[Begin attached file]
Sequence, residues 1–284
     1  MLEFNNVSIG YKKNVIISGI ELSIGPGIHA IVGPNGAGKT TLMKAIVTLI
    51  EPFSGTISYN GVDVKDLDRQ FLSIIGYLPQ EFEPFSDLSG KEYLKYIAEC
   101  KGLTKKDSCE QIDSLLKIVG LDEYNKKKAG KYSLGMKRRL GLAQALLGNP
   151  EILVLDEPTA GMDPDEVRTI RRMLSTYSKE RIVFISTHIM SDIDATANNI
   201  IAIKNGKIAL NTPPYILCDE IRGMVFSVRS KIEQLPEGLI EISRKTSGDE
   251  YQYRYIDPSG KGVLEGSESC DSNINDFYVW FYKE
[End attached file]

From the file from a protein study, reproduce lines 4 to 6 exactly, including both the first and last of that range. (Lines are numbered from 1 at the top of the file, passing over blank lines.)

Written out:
   101  KGLTKKDSCE QIDSLLKIVG LDEYNKKKAG KYSLGMKRRL GLAQALLGNP
   151  EILVLDEPTA GMDPDEVRTI RRMLSTYSKE RIVFISTHIM SDIDATANNI
   201  IAIKNGKIAL NTPPYILCDE IRGMVFSVRS KIEQLPEGLI EISRKTSGDE